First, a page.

"We're Your Government and We're Here to Help": Obtaining Amicus Support from the Federal Government in Supreme Court Cases

By Millett, Patricia A. | Journal of Appellate Practice and Process, Spring 2008 | Go to article overview

"We're Your Government and We're Here to Help": Obtaining Amicus Support from the Federal Government in Supreme Court Cases


Millett, Patricia A., Journal of Appellate Practice and Process


Litigating in the United States Supreme Court can be an exciting, yet intimidating, experience. The rarity with which such cases arise, combined with the intellectual challenge of briefing and arguing issues of great significance to the law before a nine-member panel of highly intelligent, rigorously well-prepared, actively engaged, and analytically demanding jurists can be a highlight of a lawyer's career. (1) At the same time, the Court's unique procedures, the dauntingly high expectations of the Justices, and the particularized demands of judicial decisionmaking at the nationwide level can leave even experienced appellate attorneys at sea.

Accordingly, as is true for so many adventures in life, it might be better to travel on your Supreme Court voyage with an experienced guide. And there is no one better to navigate the Court with than the Solicitor General of the United States. Obtaining amicus curiae support from the Solicitor General can be of significant benefit in both obtaining or avoiding Supreme Court review in the first instance, and preparing a case and framing legal arguments for plenary review after certiorari is granted. The Solicitor General, after all, is a repeat player before the Supreme Court--appearing in approximately seventy to eighty percent of the Supreme Court's cases every Term--and her arguments speak to the Court with the voice of the coordinate branches of the federal government. (2) As a result, having the Solicitor General appear on your side of a case can ensure the most comprehensive presentation of the arguments in your favor, and it can enhance your prospects for success because of the weight and respect that the view of the United States government is generally accorded. For that reason, it is important for Supreme Court counsel to understand what it takes to obtain the Solicitor General's support in a case.

I. THE SOLICITOR WHAT?

By way of background, the Solicitor General is an Executive Branch officer within the United States Department of Justice who is charged with, among other things, representing the interests of the United States before the Supreme Court. While the Solicitor General is appointed by the President and confirmed by the Senate, her charge to represent the interests of the United States as a whole gives her a unique degree of independence. (4) The Solicitor General heads a small staff of approximately twenty lawyers in the Office (four Deputy Solicitors General and roughly sixteen Assistants to the Solicitor General) who assist her in the formulation of legal positions and the drafting of briefs and certiorari-stage filings for Supreme Court cases. (5) With the exception of the Principal Deputy Solicitor General, who is chosen by the Solicitor General, the lawyers in the Office are career government lawyers who are all schooled in the intricacies and idiosyncrasies of Supreme Court practice, as well as in the task of developing and defending the institutional interests of the United States government in litigation. (6)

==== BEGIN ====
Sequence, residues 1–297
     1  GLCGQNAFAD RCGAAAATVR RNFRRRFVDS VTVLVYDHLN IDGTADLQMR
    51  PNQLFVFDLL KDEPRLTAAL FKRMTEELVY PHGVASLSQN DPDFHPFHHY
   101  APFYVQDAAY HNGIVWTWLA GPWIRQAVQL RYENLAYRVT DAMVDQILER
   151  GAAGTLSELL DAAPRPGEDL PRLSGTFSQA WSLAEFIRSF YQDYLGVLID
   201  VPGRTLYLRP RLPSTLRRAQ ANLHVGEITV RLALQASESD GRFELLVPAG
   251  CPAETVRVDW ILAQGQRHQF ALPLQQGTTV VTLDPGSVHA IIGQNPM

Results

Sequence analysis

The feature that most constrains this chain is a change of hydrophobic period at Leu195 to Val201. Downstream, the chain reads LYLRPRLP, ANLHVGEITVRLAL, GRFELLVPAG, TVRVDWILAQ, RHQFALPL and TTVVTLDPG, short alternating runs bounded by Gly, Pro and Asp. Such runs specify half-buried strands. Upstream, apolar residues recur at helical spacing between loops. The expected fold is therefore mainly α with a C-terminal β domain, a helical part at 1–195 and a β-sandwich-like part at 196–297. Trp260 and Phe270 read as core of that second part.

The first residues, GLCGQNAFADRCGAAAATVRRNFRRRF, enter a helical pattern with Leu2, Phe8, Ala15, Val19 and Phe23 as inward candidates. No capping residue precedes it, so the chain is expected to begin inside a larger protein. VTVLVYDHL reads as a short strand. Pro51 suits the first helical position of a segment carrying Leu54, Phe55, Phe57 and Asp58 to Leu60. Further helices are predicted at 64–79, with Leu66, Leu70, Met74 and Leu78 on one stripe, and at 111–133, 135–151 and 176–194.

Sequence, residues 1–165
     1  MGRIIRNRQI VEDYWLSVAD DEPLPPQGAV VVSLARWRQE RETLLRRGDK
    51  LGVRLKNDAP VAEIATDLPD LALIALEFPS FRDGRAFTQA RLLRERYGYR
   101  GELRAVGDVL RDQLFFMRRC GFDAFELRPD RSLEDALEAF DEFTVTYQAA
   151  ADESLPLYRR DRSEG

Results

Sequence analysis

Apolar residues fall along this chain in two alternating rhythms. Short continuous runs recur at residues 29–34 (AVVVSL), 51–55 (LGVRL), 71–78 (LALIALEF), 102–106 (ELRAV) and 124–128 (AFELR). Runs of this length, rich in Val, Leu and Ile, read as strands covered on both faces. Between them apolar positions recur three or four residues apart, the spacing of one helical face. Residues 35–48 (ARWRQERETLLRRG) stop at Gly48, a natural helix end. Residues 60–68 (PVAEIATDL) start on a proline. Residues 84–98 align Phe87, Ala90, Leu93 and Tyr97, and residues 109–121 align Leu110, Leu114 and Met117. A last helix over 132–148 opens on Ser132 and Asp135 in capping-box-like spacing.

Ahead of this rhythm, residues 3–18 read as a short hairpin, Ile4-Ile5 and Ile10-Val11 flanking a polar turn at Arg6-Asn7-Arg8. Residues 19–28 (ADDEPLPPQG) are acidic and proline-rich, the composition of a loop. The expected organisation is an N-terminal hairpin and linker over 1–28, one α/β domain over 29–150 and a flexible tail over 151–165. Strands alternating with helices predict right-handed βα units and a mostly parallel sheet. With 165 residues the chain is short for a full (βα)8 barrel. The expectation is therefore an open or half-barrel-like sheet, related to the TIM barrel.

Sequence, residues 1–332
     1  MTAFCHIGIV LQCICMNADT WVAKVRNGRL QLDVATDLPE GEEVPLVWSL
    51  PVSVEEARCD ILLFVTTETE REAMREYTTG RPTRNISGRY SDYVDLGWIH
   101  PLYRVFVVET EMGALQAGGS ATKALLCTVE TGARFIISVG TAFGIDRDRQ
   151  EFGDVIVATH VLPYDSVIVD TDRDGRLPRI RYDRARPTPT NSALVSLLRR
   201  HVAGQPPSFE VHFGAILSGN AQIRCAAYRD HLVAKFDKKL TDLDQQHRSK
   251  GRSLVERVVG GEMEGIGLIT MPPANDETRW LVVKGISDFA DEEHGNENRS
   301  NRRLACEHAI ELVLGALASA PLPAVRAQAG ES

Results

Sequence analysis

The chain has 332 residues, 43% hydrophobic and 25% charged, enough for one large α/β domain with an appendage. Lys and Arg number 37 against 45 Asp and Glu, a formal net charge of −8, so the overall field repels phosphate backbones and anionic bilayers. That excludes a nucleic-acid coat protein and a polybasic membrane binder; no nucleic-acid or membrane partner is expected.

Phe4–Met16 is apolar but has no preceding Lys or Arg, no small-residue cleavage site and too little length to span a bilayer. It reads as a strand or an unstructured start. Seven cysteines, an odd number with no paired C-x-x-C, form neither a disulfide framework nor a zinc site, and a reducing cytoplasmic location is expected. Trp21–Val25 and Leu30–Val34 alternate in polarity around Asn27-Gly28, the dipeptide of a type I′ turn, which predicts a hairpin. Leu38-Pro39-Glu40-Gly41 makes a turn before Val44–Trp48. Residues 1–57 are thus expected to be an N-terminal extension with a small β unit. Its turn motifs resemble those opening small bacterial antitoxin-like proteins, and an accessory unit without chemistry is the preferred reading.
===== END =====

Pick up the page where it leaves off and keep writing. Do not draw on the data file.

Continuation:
II. THE SOLICITOR GENERAL'S ROLE AT THE CERTIORARI STAGE

A. An Invitation That Cannot Be Refused

When a petition for a writ of certiorari is pending in the Supreme Court, the petitioner hopes against hope to receive one of those rare orders informing her that: "The petition for a writ of certiorari is granted." (7) The respondent opposing certiorari, of course, hopes to see the much more commonplace order that: "The petition for a writ of certiorari is denied." But there is a third option. After the case is considered by the Court (that is, after the case is "conferenced"), the parties in approximately fifteen cases a year receive an order reciting that "The Solicitor General is invited to file a brief in this case expressing the views of the United States." (8) Those orders are known within the Solicitor General's Office as "invitations," and commonly referred to outside that Office as "CVSGs" ("Calls for the View of the Solicitor General").

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